National discourse on science, technology, engineering, and mathematics (STEM) urges educators to attend to the growing demand for a STEM-literate populace. But, what is “STEM-literacy,” and how do we, as educators, cultivate opportunities for students to enhance their STEM-literacy, as well as their STEM content knowledge and affect? In this session, I will share action research (conducted at the university and high school levels) that aims to understand the impact of engineering modules on students’ cognition and affect. I will share the framework for STEM-literacy and affect, as well as the data collection tools and analysis methods that can be adapted for use in your classroom.

To join this meeting tonight when it starts at 9pm Eastern (or RSVP if it’s before 9pm), click here.

Did you miss last week’s webinar? Click here to watch “Activating Curiosity & Creativity in the Modern Mathematics Classroom.”

The #MTBoS Never Sleeps

Hello all,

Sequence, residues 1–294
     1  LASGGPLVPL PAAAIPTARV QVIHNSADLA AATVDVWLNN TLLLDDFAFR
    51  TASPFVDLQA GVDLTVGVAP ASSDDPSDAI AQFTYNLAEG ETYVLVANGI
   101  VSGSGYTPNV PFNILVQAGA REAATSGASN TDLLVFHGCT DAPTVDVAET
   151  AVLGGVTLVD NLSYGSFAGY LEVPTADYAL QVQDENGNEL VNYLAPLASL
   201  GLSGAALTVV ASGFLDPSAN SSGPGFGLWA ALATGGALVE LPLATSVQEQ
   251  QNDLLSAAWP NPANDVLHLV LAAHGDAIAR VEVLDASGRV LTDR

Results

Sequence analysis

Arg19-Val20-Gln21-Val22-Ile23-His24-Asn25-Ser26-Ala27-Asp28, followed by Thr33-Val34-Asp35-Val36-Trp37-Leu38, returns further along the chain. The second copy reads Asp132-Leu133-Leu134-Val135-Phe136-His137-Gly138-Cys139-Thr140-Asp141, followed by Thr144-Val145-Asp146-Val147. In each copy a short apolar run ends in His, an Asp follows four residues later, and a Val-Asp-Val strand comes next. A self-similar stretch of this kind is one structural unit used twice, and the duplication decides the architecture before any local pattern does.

My name is Christelle Rocha (@Maestra_Rocha), I’m a 7th and 8th grade math teacher in Los Angeles, California and Desmos Fellow, Cohort 3. I’m excited to join the Global Math Department and want to introduce myself by sharing my top five, all-time favorite pieces.


In Strategies versus Models: Why This is Important, Pamela Harris (@pwharris) challenges me to rethink my views of math and math instruction.

Marian Dingle (@DingleTeach) and Jose Vilson (@TheJLV) speak on my “why” for teaching math. While Marian’s powerful thread shows the individual, day-to-day impact of math education, Jose speaks on the broader implications of our work in Math as a Social Justice Lever.